The 2014 budget deal developed by Republican Rep. Paul Ryan includes a hidden Election-Day boost to endangered Democratic senators, and helps Democrats pass spending increases, say conservatives.
The boost is a change to the Senate’s debating and voting rules, which will allow Majority Leader Harry Reid to stage high-profile spending votes that would give his Democratic senators something to boast about next November.
“What Ryan did was hand Reid an agenda for next year and [allow favorable] political votes for his caucus,” said one former leadership staffer who opposes the budget deal agreed to by Ryan and Democratic Sen. Patty Murray.
For example, Reid can stage votes so that endangered Democrats can portray themselves as passing popular increases in education spending, the former staffer said.
Ryan “is basically giving them 30-second ads to run in their campaigns,” while also forcing House Republicans to fend off Senate-approved spending increases, he said.
The deal, which was passed by the House last week, “undermines the right of Senators to enforce spending limits and block tax increases by raising a key point of order,” Sen. Jeff Sessions, the GOP budget chairman, said in a Monday statement. “In the aftermath of the nuclear option, this further erosion of Senators’ rights should be opposed by members of both parties.”
The hidden clause “was totally unexpected and a genuine surprise to our experienced committee analysts when they unearthed it after the legislation became public,” Sessions said.
The deal also shows how the GOP leaders in the House are working with Democratic leaders to build a “grand coalition of the establishment” that is intended to marginalize the GOP’s core voters in the tea party groups, said the former staff member.
The emerging establishment coalition, he said, will likely unite in February to push an immigration bill that would provide 30 million green cards to Democratic-leaning immigrant workers during the next decade.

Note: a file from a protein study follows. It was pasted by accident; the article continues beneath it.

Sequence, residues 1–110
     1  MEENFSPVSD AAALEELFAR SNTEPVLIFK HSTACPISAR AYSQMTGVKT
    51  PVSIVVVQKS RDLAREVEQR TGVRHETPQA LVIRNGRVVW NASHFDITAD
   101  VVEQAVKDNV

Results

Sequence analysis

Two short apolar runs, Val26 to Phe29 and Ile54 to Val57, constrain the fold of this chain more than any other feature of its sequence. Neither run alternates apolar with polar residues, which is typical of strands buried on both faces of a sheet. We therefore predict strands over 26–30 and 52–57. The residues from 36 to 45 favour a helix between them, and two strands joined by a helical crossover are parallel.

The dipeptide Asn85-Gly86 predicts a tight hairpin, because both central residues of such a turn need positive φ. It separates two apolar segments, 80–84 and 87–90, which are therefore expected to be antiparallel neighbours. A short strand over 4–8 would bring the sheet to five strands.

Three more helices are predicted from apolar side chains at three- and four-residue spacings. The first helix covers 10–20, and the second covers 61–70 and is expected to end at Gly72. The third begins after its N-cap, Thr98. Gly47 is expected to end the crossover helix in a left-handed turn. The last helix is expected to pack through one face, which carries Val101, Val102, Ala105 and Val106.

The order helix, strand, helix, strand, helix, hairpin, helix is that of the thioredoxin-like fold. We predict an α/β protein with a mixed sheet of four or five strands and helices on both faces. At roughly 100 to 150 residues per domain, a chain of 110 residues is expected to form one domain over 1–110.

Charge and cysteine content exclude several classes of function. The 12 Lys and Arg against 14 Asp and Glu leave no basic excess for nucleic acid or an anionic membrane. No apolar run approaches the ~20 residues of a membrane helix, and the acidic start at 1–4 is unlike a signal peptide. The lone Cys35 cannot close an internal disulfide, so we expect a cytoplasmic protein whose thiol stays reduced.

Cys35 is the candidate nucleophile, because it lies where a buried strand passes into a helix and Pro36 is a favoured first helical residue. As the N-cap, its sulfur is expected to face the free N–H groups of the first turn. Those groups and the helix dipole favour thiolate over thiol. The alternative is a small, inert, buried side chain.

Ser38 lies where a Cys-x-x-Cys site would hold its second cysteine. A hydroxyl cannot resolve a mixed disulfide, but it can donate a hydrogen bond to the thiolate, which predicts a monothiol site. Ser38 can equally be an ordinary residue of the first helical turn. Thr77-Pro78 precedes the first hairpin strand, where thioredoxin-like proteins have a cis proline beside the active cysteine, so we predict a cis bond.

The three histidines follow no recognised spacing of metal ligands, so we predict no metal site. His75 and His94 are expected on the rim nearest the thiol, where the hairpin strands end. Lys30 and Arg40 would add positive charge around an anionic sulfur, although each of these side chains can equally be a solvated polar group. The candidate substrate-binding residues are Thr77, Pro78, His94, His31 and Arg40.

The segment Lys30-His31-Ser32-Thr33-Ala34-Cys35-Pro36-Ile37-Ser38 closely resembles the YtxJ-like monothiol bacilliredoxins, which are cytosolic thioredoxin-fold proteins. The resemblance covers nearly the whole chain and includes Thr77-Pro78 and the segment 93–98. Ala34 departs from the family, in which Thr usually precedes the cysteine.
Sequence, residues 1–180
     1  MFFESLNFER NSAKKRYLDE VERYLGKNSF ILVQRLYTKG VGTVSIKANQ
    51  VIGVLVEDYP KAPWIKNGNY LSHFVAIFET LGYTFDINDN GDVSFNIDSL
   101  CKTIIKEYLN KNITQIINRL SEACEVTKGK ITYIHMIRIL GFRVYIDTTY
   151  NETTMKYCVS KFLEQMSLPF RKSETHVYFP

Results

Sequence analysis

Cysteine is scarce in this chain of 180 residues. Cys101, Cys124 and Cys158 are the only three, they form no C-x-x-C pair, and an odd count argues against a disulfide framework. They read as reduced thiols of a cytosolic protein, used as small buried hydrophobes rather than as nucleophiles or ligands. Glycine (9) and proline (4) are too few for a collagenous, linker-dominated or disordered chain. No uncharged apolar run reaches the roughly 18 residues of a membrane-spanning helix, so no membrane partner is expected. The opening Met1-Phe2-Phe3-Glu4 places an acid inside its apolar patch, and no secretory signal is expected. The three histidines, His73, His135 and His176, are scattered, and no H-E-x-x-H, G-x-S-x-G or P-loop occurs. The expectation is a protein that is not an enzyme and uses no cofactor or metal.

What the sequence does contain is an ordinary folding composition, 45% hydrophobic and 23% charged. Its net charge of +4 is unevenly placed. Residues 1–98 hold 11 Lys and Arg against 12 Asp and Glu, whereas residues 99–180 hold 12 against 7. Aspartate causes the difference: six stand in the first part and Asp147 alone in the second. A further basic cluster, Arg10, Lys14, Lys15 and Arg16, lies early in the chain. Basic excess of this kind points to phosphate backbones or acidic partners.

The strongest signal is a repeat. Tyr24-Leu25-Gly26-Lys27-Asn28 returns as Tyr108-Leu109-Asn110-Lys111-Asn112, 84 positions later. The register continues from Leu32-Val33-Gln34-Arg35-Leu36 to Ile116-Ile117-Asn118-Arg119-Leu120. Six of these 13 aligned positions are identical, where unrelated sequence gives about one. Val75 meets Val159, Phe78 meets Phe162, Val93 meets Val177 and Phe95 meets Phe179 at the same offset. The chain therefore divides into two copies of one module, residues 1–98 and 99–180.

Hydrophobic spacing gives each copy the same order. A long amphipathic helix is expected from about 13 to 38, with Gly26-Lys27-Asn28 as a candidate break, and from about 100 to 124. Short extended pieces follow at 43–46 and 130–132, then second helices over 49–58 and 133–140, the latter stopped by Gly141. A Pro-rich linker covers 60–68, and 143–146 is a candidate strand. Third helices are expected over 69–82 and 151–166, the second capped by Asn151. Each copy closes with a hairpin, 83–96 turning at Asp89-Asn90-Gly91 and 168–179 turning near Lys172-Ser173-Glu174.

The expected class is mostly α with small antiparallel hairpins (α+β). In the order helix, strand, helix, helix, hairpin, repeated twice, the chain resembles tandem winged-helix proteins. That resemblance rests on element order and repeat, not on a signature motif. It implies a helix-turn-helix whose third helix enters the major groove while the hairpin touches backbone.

The point was pushed by Michael Needham, the head of Heritage Action for America. “The Speaker is trying to turn this into a boring fight between outside groups and himself so that we are not having a policy debate about whether or not this is a good deal,” he said.
“They want to clear the way for immigration,” Needham said.
Ryan is a major proponent of increased immigration, but has declined to promote the controversial goal in public.
The Ryan-Murray budget faces a close vote on Tuesday, partly because most GOP senators, and a few Democratic senators, have announced they oppose the deal.
Reid needs all the help he can get to hold his narrow 10-vote majority in the Senate past the November election.
He approved the Ryan-Murray deal, which provides benefits to both parties’ leaders.
For example, the budget deal prevents the Democrats from shutting down government and using their media allies to blame the GOP for the shutdown.
In turn, the Democrats gain $63 billion in extra spending during 2014 and 2015, which will be partly offset by raised taxes or fees. Most of the offset, $47 billion, will consist of spending cuts slated for 2022 and 2023. The deal also trims military retirement funds, while blocking cuts to civil-service pensions.
The bill also reverses $31.6 billion in Pentagon cuts.
President Barack Obama and Reid have only a 10-vote advantage in the 100-seat chamber, and current polls show that they would lose his majority if the election was held today.
If the GOP gets control of the Senate in November, Republicans would be able to shut down much of Obama’s regulatory goals.
The boost is hidden in complex language, and is denied by staffers working for Ryan, the chairman of the House Budget Committee, and for Murray, the chairwoman of the Senate Budget Committee.